Corrections officers at the Baltimore City Detention Center were preparing for a middle-of-the-night search of jail cells, aimed at rooting out drugs, cellphones, weapons and any other contraband inmates had stashed away. But the officers weren't the only ones getting ready.
Hours before the planned checks in January, an FBI affidavit says, word reached Tavon White, an inmate who prosecutors say reigned as the jailhouse leader of a violent gang called the Black Guerrilla Family.
White's alleged tipster, according to court records: a corrections officer at the jail.
The advance warning vividly illustrates the success with which federal authorities believe the BGF turned the downtown Baltimore detention center into a gang "stronghold."
Authorities around the country have struggled for years to dislodge gangs from jails and prisons. In Maryland for example, a 2009 investigation revealed widespread BGF activity at other corrections facilities.
But the scale and scope of the allegations laid out this week in a federal indictment — 25 people, including corrections officers, were accused in a smuggling scheme — has astounded even longtime observers.
After getting the tip, White allegedly announced: "I just got message saying that they going to pull a shakedown tonight. Let me call all these dudes in my phone and let them know."
Prosecutors say White relayed the news to two gang deputies, who in turn sounded the alarm to other inmates — fellow BGF members with nicknames like Fatboy, Ack and Flatline.
With White as its alleged leader behind the jail's walls, the gang dealt marijuana, cigarettes, painkillers and cellphones that it smuggled in with help from corrections officers, several of whom were having sex with gang members, according to a federal indictment unsealed this week.
The gang's so-called "Minister of Finance" also collected dues from members and levies from non-member inmates, funneling money to gang leaders on the outside, the indictment alleges.
Court filings paint gang members as highly organized, with an eye on the long term at a facility intended to temporarily hold suspects before trial. Prosecutors say they methodically went about co-opting corrections officers and had a command structure that jail authorities believed would determine succession if a member was set free or sent to prison.
Corrections department investigators discovered BGF documents outlining that new recruits are trained to target female officers with "low self-esteem, insecurities and certain physical attributes," according to the affidavit. Gang members believe such officers can be easily manipulated, investigators wrote.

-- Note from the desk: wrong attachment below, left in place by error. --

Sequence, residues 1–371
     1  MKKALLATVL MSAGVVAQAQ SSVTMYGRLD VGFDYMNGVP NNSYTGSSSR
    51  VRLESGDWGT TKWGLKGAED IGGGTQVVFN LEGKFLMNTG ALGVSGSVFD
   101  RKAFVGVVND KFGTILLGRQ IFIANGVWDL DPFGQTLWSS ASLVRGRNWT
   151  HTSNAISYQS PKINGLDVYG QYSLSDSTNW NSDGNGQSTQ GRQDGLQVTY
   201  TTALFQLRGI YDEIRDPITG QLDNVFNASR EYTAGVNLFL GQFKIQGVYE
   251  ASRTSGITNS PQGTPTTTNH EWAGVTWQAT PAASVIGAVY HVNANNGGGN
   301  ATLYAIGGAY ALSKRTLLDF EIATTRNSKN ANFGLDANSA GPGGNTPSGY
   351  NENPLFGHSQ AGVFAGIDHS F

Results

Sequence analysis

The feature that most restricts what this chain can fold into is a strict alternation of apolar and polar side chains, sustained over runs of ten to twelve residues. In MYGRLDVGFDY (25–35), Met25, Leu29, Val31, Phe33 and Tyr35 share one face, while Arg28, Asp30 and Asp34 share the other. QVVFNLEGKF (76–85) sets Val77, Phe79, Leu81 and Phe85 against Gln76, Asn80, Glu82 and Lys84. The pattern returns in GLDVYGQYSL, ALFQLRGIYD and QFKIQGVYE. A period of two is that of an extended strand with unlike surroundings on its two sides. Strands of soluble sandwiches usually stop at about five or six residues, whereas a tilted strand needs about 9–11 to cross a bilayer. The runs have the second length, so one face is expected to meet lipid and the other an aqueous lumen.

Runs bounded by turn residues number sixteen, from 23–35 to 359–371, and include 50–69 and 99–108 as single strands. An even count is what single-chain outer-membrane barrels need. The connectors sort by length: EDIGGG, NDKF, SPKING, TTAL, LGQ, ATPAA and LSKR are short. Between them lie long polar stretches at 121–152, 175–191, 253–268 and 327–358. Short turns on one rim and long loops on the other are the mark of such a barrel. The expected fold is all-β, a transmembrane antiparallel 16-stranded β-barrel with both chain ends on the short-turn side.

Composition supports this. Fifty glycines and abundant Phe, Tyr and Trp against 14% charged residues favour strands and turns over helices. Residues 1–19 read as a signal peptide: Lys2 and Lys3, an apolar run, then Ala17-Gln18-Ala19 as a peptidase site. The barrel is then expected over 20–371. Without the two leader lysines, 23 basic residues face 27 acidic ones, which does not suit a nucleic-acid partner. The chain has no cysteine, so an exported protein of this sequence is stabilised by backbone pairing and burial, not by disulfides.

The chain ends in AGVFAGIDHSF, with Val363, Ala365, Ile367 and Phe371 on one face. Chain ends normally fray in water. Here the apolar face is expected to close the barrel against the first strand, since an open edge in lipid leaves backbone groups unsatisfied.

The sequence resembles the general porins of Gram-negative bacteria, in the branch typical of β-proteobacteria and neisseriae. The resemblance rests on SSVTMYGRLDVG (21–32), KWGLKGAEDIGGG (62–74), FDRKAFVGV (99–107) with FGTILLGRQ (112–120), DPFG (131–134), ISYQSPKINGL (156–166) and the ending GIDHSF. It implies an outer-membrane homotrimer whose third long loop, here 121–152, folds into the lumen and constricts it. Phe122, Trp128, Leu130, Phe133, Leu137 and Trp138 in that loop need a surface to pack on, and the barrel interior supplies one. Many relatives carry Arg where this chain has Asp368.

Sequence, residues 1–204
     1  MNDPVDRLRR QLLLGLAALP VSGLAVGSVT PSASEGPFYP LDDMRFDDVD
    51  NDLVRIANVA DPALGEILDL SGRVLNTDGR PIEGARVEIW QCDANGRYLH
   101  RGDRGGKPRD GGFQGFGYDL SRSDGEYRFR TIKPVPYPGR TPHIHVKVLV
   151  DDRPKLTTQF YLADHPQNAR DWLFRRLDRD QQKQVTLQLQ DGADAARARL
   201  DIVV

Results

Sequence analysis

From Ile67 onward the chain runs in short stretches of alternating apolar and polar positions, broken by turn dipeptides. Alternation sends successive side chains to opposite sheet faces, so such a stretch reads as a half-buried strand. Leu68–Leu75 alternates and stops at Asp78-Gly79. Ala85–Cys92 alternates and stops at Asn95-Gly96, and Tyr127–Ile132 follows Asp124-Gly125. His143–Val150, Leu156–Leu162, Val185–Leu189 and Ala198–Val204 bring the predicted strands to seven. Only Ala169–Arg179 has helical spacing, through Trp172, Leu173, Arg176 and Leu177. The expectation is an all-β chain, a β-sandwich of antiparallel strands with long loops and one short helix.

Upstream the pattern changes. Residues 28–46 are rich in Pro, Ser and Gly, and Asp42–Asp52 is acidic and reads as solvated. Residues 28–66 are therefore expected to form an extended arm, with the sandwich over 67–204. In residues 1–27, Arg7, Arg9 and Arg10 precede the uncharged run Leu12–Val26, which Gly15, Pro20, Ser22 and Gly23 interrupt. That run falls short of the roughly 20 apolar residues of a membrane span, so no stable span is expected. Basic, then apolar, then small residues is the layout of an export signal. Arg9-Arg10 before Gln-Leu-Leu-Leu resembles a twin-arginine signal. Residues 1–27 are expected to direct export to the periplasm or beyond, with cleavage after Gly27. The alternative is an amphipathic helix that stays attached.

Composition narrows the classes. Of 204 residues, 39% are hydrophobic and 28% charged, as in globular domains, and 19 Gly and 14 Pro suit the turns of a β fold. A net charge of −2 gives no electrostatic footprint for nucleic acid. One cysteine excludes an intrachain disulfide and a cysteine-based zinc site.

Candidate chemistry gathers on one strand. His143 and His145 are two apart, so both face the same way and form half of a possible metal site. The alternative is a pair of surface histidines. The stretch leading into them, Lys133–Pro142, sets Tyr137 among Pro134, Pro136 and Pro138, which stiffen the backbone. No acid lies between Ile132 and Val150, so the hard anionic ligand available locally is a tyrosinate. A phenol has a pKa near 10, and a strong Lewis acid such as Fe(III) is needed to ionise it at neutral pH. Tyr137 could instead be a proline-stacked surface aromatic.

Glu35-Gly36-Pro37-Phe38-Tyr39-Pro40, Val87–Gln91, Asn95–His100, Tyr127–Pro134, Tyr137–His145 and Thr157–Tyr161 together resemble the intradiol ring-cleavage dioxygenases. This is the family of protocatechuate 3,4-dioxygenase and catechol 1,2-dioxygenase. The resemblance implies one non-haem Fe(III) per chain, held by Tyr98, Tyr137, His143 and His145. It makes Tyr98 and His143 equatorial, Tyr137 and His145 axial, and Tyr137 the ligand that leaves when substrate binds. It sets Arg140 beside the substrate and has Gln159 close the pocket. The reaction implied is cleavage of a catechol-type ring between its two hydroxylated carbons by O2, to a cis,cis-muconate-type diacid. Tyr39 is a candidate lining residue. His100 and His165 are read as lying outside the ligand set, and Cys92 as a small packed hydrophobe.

Previous federal investigations targeting the BGF suppressed the gang in Maryland's prisons and on the streets, prosecutors say. But the new indictment says it became deeply entrenched inside the jail — establishing the 36-year-old White in power while he awaited trial for more than three years on an attempted-murder charge.
Arnett Gaston, a clinical psychologist and prison gang expert who rose to the top ranks of the New York and Maryland corrections systems, said he was shocked by the alleged level of involvement by corrections officers. Thirteen were charged, and four officers were impregnated by White, prosecutors say.
"Quite frankly, I have never come across this level of voluntary participation. That's what really surprised me," said Gaston, who in the late 1980s and early 1990s commanded New York City's main jail complex on Rikers Island, considered one of the largest detention facilities in the world.
Growing in Baltimore
From roots in California prisons during the 1960s, the BGF has spread its influence to the streets of Baltimore, investigators say, setting in motion a wave of violence around the city late last year.
White, who held the relatively senior rank of Bushman, felt supreme inside the jail, according to an affidavit filed in connection with the case. But investigators also intercepted conversations between him and more senior leaders outside in which he asked for instructions.
In Maryland, prosecutors say, the BGF rose to prominence after federal authorities took on another gang, the Bloods, in the middle of the last decade. The Black Guerrilla Family might even have directly benefited from those cases, U.S. Attorney Rod J. Rosenstein said Friday.
"People choose their gang affiliations based on which they think is currently the most powerful," he said. "So I suspect the series of prosecutions against Blood sets led people to join a different gang.
"To some extent these affiliations are supposed to be [for] life, but I don't know whether that's the case."
State officials say they have flagged gang ties of about 7,400 inmates and detainees since 2007. The BGF is now the second-largest group after the Bloods, according to Gary D. Maynard, the secretary of the Department of Public Safety and Correctional Services, which runs the city jail.